Wow! It sure was a lot of fun doing my latest cabaret on December 15th at the beautiful Triad Theatre. It was called “P-P-P-Paul and K-K-K-Katie” because I was showcasing the first New York appearance of the talented Katie Galuska. A great debut! We started our collaboration with a duet from the film “Annie” (which I actually appeared in!). Katie sang several wonderful solos as well, notably “Funny,” “Lady Is a Tramp,” “Never Fall in Love with an Elf,” and “Screw Loose.” The guest performers were Dana Mierlak, who sang “The Trolley Song” from “Meet Me in St. Louis,” and the surprise of the evening, Petie Subin, who sang a sequence of duets with me, including one of my all-time favorites, “Do You Love Me?” from “Fiddler on the Roof.” Once again we were graced by the musical direction and piano accompaniment of Dennis Buck. A group of my fellow Dartmouth classmates and some of my chums from the Lotos Club made the audience a very friendly one. We all had a great time! I’m already contemplating what to do next.
Paul Binder, Big Apple Circus founder and 38 year ringmaster, returns after successful benefit performances of his previous cabarets “Paul Binder Risks His Life Singing” and “The Tall and Short of It” at the Metropolitan Room and various other venues. “P-P-P-Paul & K-K-K-Katie” will introduce a dazzling young performer, Katie Galuska, to New York City. Once again, the Music Director will be the brilliant Dennis Buck.
I recently wrote to alert you all about the very funny musical parody, Me the People. It’s a four person all singin’, all dancin’ off-off-Broadway show. The critics raved and I’m raving as well! It’s being performed at the Triad Theater which is a beautiful facility located above a Turkish restaurant on west 72nd. You’re sure to laugh and applaud as the cast is excellent at skewering our current political scene.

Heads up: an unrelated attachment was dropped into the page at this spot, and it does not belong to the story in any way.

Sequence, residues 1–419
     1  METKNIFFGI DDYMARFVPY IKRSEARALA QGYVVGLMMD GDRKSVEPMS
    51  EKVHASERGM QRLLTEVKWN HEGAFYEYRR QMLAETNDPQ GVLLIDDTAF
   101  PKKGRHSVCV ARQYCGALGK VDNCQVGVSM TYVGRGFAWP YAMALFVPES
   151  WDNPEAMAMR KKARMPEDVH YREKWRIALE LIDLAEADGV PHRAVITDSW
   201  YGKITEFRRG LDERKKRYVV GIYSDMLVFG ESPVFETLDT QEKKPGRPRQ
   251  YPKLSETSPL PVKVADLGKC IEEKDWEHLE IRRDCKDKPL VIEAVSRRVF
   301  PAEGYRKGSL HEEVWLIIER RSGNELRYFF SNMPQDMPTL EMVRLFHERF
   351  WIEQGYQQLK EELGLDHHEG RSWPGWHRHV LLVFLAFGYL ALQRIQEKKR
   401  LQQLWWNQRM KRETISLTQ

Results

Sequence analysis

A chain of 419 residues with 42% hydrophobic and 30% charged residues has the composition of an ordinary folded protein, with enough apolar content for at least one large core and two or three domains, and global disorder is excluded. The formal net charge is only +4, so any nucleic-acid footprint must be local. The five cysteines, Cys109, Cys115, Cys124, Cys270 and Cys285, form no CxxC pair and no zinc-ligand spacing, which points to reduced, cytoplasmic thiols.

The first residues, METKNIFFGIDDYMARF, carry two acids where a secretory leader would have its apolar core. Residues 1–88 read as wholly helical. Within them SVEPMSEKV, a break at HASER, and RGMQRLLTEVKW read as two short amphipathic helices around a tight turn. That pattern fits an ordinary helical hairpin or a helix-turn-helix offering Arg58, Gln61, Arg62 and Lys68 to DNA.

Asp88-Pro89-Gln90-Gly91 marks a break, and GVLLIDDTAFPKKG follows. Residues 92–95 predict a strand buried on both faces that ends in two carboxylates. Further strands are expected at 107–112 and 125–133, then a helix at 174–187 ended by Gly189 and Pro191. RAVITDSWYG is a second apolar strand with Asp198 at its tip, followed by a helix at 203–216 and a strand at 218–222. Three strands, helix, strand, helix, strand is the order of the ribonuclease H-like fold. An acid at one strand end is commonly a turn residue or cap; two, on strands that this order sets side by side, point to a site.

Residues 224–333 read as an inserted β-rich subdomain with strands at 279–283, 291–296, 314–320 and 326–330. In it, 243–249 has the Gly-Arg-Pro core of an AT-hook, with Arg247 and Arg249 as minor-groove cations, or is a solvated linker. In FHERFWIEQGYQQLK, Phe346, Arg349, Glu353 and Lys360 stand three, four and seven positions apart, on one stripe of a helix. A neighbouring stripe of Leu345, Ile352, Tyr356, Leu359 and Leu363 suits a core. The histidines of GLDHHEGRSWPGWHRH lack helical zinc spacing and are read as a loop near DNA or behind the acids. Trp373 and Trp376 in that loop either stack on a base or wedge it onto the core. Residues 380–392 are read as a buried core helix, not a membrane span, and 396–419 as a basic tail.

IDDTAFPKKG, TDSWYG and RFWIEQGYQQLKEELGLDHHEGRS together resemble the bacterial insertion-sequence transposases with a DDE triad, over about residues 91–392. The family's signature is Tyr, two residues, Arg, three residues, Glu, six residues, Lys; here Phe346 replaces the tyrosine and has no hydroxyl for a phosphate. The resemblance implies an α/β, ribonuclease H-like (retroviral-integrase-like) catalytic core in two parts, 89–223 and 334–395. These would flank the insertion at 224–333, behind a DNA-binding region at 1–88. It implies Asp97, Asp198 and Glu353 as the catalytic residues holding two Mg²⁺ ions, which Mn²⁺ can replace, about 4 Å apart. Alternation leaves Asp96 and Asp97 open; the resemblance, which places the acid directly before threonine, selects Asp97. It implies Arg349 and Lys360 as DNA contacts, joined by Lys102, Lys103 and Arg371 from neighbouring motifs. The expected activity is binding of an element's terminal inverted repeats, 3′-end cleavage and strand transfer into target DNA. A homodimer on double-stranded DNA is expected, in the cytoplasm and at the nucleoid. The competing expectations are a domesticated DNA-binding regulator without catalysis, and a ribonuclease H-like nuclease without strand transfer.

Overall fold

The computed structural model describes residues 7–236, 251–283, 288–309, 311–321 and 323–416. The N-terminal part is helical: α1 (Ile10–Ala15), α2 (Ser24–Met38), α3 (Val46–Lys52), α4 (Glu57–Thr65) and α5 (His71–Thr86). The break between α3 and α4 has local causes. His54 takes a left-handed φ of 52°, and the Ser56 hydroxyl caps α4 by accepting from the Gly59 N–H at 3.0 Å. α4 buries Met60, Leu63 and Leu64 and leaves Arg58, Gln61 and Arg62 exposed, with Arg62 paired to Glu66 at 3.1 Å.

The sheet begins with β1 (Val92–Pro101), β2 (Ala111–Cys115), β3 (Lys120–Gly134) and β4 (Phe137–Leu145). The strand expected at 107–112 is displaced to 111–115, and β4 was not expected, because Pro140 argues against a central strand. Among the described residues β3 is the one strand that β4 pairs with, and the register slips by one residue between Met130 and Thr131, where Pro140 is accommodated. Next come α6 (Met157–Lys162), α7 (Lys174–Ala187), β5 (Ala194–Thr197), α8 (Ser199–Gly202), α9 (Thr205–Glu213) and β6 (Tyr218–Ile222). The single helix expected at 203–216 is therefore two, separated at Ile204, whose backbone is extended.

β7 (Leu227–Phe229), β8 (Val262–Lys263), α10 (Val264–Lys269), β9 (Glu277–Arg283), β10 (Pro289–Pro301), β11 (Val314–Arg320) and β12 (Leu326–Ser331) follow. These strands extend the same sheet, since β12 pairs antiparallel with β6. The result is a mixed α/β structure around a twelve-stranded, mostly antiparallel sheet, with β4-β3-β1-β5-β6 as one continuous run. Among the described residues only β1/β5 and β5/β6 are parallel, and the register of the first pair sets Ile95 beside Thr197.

The following will give you an idea of the some of the ridiculously funny stuff of the show:
Last week, we returned to the Berkshire Hills for one more short vacation trip. It was three event-filled days. We arrived on August 27 in time to run to Tanglewood for the final day of the Boston Symphony season featuring a short Charles Ives number and Beethoven’s Ninth Symphony. The eighty person chorus joined for a rousing fourth movement, Ode to Joy. Tanglewood is simply incredible as the estimated crowd was nearly ten thousand people, including five thousand in the Koussevitzky Shed, and nearly as many on the lawn.
After a quick wine and cheese at our favorite bed and breakfast, Stonover Farm, we immediately went to Shakespeare and Company (no Shakespeare that night) to see two Edith Wharton “comedies.” Well, at least that’s what the management called them. I didn’t find them funny at all, indeed I thought they were poorly acted and directed.
The next morning, after a delicious breakfast at Stonover, we headed to the Clark Museum in Williamstown, MA. The place is an absolute gem with a wonderful collection of impressionist paintings including many Renoirs. There is a current exhibit of Helen Frankenthaler. We ate lunch at the museum in a courtyard with a view of the extraordinarily beautiful property that surrounds the museum.
Following more wine and cheese in Stonover, we ran over to Cranwell Resort to catch a performance of Capitol Steps,* Washington D.C.’s political parody singing group. There were several pieces that were howlingly funny [Cranwell has a beautiful golf course that I had played many times with my colleague and friend, Rob Libbon, thirty-plus years ago in the days when the Big Apple Circus performed in both Pittsfield and Great Barrington].